During a four-day conference in Charleston, researchers presented about 70 new studies. ARIES developed its own voluntary peer-review process, but many of the study authors declined to take part.
The symposium, held at the Charleston Marriott, featured a long list of papers that tried to dissect and criticize new federal water quality guidance that mining operators have successfully challenged in court. An entire session consisted of six papers that tried to pick apart a series of WVU studies that said coalfield residents living near mountaintop removal face increased risks of serious illnesses and premature death.
But a variety of other studies released this week affirmed that mountaintop removal is damaging the environment, and some looked into new and possibly safer ways to handle coal slurry disposal, more efficiently avoid toxic selenium pollution and improve stability of valley fills and mining impoundments.
On Wednesday, three new papers were presented that examined dust emissions from surface mines and tried to come up with better models for predicting and minimizing such emissions.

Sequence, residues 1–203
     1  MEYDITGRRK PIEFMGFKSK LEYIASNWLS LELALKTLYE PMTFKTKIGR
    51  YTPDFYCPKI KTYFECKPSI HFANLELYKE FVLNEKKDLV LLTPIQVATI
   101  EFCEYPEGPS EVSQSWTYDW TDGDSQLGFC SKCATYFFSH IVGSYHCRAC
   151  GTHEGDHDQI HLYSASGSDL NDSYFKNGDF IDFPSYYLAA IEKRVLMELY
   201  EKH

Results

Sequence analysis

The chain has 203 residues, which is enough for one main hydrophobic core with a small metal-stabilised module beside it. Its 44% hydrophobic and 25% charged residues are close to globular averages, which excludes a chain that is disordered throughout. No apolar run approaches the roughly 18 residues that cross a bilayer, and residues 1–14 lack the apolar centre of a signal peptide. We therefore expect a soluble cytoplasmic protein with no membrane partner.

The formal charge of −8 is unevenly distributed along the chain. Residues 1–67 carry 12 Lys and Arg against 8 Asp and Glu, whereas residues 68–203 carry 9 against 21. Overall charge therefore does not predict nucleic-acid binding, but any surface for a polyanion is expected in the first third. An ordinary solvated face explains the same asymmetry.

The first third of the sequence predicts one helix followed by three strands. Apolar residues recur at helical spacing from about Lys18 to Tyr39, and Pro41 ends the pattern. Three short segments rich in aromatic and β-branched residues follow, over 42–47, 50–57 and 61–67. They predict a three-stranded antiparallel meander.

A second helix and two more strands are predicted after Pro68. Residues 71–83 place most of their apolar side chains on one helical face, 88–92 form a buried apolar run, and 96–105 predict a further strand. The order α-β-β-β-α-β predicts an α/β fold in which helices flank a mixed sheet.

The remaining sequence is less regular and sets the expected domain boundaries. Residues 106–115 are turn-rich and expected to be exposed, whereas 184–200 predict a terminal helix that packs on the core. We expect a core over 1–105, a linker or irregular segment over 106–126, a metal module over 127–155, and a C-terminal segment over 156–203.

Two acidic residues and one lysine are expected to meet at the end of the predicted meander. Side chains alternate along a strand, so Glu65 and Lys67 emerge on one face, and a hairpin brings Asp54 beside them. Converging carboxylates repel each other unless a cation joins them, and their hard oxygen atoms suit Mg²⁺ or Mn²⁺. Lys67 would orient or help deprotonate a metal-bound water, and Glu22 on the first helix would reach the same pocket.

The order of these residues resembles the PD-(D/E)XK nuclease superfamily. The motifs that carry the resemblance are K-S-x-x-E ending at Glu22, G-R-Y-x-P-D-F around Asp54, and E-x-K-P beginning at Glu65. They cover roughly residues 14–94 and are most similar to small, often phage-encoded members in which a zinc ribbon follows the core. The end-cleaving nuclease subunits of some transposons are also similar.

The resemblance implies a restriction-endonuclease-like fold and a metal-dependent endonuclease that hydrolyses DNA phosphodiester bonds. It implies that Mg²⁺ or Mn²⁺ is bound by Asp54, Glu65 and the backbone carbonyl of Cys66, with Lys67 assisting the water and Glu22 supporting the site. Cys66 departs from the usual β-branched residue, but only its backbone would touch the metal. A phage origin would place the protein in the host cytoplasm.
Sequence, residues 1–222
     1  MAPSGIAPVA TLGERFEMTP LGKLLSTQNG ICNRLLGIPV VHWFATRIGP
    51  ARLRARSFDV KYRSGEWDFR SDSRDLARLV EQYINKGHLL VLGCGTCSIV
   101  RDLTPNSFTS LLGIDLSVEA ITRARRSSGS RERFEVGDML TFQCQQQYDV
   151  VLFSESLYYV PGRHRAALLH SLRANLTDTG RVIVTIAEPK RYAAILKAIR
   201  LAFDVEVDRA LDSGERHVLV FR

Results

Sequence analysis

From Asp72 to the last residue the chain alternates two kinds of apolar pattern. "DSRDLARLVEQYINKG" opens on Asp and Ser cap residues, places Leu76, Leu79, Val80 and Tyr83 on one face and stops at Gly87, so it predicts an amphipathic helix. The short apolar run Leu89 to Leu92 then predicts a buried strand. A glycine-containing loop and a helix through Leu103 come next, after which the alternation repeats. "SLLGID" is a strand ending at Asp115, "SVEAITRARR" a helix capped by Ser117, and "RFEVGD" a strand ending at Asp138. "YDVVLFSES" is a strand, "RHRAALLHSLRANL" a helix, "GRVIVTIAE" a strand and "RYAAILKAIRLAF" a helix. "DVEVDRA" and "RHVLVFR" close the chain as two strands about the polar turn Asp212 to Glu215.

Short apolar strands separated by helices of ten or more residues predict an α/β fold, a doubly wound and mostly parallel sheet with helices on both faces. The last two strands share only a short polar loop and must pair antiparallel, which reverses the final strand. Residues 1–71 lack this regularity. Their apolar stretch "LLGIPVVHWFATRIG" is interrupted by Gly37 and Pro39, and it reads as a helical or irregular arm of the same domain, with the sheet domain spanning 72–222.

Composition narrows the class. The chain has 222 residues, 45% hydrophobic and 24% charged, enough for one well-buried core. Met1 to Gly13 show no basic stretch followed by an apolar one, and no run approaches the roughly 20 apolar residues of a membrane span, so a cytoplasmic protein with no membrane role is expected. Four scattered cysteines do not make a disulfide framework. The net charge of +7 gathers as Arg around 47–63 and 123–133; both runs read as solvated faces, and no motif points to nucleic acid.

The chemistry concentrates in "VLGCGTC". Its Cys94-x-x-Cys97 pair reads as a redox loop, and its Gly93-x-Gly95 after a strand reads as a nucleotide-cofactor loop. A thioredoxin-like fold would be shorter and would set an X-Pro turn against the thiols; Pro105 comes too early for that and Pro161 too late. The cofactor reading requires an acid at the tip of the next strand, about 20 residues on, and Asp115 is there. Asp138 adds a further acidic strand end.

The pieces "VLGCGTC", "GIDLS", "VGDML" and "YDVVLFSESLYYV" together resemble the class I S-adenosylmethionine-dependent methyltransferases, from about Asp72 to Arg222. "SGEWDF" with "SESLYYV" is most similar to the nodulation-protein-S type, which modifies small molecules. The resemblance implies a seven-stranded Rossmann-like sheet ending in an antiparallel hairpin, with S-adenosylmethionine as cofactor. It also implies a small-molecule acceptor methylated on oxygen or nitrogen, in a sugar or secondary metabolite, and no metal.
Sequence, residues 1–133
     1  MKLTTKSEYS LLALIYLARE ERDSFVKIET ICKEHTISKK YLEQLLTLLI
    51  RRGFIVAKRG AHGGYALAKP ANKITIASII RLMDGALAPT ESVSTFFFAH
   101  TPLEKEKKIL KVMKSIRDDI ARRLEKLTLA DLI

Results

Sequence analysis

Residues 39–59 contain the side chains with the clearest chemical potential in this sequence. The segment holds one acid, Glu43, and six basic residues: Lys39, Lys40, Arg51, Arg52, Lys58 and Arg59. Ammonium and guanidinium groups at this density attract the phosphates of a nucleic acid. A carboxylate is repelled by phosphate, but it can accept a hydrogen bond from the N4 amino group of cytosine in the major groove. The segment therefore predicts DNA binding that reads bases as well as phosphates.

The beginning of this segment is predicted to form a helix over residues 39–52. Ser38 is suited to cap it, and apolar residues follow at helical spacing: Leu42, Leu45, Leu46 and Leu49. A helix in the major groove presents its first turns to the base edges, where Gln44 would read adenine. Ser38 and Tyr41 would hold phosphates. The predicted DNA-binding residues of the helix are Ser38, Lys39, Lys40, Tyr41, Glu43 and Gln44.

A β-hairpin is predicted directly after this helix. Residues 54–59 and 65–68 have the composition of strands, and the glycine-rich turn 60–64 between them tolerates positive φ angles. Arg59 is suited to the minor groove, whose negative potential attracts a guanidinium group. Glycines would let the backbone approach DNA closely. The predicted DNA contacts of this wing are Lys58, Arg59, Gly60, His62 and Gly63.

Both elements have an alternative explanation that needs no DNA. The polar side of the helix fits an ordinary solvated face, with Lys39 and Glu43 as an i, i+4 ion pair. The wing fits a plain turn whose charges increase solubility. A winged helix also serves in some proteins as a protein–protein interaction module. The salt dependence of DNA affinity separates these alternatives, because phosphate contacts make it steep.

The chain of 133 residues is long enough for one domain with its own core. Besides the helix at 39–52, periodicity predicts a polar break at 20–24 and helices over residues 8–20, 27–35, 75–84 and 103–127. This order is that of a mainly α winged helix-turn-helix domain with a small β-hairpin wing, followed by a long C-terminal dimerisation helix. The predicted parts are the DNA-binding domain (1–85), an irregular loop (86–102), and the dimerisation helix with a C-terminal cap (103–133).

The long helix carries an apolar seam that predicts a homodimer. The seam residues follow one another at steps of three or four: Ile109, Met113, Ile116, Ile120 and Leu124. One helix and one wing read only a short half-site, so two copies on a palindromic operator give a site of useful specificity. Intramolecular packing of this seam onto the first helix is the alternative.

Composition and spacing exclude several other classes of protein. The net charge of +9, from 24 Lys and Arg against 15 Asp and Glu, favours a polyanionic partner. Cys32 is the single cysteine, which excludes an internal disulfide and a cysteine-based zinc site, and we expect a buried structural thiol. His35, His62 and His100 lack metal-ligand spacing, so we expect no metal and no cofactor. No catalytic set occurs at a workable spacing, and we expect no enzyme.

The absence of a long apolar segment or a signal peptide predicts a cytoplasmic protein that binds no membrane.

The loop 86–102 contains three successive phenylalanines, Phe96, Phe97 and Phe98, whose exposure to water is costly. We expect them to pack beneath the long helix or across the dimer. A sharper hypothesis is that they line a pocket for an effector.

Catherine Johnson of the University of Kentucky said that blasting modeling used by industry and regulators typically focuses on reducing vibrations and noise and keeping rocks from flying off mine sites. Less has been done, Johnson said, about other blasting-related issues, such as lessening dust or ensuring rocks are the right type and size to minimize pollution runoff when used in reclamation.
"Clearly, a balance between operational cost and mitigation of environmental effects must be found," Johnson said.
Kecojevic agreed, saying, "In the past, we've focused on having the most productive and having the lowest cost, but for some reason, the environmental impacts didn't come to the forefront."
"We can't run away from it," he said. "We have to deal with it. At the end of the day, every dollar you spend on reducing effects on environment and public health is worth it."Reach Ken Ward Jr. at kw...@wvgazette.com or 304-348-1702.